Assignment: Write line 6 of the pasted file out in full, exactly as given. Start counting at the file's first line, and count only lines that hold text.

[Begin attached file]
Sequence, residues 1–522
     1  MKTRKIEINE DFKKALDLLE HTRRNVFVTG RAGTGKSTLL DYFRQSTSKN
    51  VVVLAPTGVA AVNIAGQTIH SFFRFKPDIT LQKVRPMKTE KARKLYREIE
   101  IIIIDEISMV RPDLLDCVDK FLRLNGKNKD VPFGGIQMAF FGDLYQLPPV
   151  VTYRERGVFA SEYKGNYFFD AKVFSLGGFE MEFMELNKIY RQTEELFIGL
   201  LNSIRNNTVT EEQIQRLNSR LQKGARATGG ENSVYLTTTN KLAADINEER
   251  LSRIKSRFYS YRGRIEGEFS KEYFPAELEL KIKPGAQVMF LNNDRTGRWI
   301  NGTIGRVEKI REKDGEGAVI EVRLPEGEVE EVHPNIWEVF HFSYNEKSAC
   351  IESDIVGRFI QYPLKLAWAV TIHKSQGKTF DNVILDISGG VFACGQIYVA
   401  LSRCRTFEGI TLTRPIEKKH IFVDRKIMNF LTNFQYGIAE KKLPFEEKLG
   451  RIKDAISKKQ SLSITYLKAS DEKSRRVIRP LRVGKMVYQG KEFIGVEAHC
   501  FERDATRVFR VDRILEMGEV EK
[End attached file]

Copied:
   201  LNSIRNNTVT EEQIQRLNSR LQKGARATGG ENSVYLTTTN KLAADINEER